Dr Tom Webb

Dr Tom WebbLecturer in Cardiovascular Genomics

BSc (Genetics) 2001, University of Sheffield
PhD 2005, MRC Human Genetics Unit, Edinburgh

Email: tw126@le.ac.uk

Address: Department of Cardiovascular Sciences, University of Leicester, Cardiovascular Research Centre, Glenfield General Hospital, Leicester, LE3 9QP.

Personal details

BSc (Genetics) 2001, University of Sheffield

PhD 2005, MRC Human Genetics Unit, Edinburgh

Membership of learned societies

Member of the Genetics Society
The British Society for Cardiovascular Research 
The European Society of Cardiology 
The European Society of Human Genetics

Publications

Key publications

Webb TR, Parfitt DA, Gardner JC, Martinez A, Bevilacqua D, Davidson AE, Zito I, Thiselton DL, Ressa JH, Apergi M, Schwarz N, Kanuga N, Michaelides M, Cheetham ME, Gorin MB, Hardcastle AJ. Deep intronic mutation in OFD1, identified by targeted genomic next-generation sequencing, causes a severe form of X-linked retinitis pigmentosa (RP23). Hum Mol Genet. 2012 Jun 13.

Webb TR, Matarin M, Gardner JC, Kelberman D, Hassan H, Ang W, Michaelides M, Ruddle JB, Pennell CE, Yazar S, Khor CC, Anung T,  Yogarajah M, Robson AG, Holder GE,  Cheetham ME, Traboulsi EI, Moore AT, Sowden JC, Sisodiya SM, Mackey DA, Tuft SJ, and Hardcastle AJ. X-linked Megalocornea caused by mutations in CHRDL1 identifies an essential role for Ventroptin in anterior segment development. Am J Hum Genet. 2012 Feb 10;90(2):247-59.

Gardner JC, Webb TR, Kanuga N, Robson AG, Holder GE, Stockman A, Ripamonti C, Ebenezer ND, Ogun O, Devery S, Wright GA, Maher ER, Cheetham ME, Moore AT, Michaelides M, and Hardcastle AJ. 2010. X-linked cone dystrophy caused by mutation of the red and green cone opsins. Am J Hum Genet. 87(1). 26-39.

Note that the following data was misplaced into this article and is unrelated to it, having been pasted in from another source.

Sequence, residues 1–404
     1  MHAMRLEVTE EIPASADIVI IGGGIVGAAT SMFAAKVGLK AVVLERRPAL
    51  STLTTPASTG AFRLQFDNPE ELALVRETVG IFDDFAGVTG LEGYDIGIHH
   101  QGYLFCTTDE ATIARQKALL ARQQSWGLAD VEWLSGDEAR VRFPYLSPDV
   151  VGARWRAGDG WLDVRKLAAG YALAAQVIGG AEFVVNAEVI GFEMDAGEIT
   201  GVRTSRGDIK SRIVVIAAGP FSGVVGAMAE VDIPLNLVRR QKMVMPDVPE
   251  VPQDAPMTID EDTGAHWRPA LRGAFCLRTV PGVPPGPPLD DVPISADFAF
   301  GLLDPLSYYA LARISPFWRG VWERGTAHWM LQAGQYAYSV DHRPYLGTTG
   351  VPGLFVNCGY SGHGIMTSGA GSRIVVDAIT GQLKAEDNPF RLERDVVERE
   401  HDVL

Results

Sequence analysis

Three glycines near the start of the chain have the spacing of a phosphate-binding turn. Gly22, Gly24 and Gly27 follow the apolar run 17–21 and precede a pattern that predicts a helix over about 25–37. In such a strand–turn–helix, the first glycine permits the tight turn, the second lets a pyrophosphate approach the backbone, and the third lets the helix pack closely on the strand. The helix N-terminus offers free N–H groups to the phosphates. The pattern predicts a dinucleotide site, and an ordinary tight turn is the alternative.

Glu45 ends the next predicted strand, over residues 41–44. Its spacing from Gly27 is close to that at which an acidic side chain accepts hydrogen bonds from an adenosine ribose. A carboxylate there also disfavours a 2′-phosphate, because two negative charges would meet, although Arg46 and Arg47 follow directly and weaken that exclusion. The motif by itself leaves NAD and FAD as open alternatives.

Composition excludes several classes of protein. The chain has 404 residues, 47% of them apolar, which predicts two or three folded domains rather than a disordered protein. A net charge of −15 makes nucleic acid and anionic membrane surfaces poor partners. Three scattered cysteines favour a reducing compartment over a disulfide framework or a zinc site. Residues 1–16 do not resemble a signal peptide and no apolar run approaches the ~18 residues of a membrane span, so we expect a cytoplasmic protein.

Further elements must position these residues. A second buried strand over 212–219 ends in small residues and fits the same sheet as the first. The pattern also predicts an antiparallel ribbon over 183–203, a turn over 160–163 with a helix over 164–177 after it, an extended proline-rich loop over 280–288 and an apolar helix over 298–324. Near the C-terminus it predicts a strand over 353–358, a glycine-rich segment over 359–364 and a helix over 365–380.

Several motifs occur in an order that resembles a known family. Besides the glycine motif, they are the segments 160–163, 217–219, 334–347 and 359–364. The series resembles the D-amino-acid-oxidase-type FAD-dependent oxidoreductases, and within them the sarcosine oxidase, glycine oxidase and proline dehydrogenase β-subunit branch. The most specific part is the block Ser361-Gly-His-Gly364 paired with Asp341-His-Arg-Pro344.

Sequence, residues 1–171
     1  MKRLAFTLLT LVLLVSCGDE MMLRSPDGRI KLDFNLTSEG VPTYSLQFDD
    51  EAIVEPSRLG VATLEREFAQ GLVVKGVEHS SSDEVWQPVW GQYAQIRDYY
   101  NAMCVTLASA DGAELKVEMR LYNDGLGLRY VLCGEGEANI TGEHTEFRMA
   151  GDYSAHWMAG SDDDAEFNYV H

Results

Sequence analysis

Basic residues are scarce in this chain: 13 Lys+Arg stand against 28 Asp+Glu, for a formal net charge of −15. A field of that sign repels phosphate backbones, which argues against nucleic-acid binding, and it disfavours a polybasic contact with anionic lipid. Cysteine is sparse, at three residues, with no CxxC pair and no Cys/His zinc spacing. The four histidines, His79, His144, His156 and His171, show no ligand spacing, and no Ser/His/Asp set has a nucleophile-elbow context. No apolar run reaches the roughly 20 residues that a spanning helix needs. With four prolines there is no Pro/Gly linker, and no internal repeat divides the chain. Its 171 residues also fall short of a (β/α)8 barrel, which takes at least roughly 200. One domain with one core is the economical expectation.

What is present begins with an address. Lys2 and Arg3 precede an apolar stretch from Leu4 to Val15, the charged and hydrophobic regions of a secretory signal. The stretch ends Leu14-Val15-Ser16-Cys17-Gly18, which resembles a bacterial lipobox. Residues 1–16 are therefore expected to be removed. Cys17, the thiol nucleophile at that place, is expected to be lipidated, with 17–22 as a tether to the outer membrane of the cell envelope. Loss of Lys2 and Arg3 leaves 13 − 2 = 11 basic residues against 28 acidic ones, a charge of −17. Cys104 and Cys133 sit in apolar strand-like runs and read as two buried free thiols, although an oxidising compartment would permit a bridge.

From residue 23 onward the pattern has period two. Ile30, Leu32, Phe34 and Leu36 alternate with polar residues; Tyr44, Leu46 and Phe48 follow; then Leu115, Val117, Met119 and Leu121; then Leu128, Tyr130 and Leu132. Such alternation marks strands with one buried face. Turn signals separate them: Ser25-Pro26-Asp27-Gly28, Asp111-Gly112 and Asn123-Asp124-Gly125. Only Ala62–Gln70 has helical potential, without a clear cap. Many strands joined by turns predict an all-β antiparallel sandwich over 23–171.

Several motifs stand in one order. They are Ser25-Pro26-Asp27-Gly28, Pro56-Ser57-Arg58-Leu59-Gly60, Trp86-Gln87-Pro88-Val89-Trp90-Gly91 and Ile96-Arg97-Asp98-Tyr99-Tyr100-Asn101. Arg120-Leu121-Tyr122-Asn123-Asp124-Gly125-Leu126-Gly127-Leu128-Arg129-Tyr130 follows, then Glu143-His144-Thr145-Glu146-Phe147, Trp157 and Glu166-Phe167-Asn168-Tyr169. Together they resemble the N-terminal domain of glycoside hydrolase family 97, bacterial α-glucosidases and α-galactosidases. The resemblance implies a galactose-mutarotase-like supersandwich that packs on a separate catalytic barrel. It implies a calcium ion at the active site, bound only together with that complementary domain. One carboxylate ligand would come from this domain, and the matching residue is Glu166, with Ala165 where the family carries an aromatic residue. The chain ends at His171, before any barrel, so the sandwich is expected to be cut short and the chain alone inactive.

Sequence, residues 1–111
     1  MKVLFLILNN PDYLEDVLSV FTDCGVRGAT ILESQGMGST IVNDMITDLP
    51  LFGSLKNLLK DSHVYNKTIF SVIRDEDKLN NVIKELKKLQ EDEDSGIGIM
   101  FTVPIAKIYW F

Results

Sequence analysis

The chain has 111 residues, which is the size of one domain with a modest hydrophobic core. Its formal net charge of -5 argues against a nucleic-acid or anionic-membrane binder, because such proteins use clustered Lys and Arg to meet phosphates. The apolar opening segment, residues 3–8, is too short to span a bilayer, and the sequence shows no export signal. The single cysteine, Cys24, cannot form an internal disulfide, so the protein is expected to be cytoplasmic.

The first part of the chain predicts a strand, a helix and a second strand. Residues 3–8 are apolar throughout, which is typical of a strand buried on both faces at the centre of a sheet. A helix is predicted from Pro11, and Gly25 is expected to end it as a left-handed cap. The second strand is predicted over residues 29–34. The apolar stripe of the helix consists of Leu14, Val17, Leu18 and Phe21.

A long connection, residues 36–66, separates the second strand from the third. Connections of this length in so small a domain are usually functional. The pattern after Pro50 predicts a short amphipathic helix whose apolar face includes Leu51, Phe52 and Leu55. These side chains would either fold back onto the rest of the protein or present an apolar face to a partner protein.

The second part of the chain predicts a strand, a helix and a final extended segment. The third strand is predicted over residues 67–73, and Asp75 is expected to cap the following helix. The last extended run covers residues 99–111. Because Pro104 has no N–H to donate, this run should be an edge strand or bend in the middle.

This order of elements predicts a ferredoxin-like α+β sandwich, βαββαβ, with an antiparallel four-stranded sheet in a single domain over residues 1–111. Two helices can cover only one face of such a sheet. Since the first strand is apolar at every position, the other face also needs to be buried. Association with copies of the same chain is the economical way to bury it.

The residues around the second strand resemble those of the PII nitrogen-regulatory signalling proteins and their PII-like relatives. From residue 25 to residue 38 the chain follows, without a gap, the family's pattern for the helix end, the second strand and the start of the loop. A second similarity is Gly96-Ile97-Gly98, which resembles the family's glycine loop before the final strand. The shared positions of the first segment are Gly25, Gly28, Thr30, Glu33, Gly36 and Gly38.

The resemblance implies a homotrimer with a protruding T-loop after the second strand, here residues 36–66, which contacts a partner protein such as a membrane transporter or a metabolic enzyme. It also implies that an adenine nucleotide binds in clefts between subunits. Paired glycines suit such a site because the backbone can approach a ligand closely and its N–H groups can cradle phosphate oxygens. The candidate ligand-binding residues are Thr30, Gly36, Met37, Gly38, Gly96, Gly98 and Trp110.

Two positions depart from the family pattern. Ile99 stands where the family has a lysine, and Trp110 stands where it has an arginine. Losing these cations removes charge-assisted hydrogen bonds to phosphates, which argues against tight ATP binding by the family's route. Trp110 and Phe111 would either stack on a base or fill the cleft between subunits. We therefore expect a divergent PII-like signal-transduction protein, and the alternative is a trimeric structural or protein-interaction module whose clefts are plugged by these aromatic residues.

Chan LF, Webb TR, Cooray SN, Guasti L, Chapple JP, Chung TT Egertova M, Elphick M, Cheetham ME, Metherall LA, and Clark AJL. 2009. MRAP and MRAP2 are bidirectional regulators of the Melanocortin receptor family. Proc Natl Acad Sci. 106(15). 6146-51.

Recent papers

Research

Understanding the molecular and cellular mechanisms of genetic variants associated with coronary artery disease.

Over the last few years, large-scale genetic association studies have identified the genetic loci that cause coronary artery disease (CAD). An important finding from these studies has been that many of these loci do not work through known coronary risk factors suggesting that novel pathways contribute to a risk of CAD. Our research involves the use of genetic, molecular and cellular approaches to study CAD risk loci. Our primary approach is to use homologous recombination and nuclease-based genome editing technologies to generate human disease cell models. Genome editing permits the precise introduction of individual disease-associated genetic variants into human cell lines allowing the functional consequences of individual disease-associated genetic variants to be identified. Genome editing can also be used to create human knock-out cell lines, delete larger segments of DNA, such as regulatory elements, or to create reporter cell lines.

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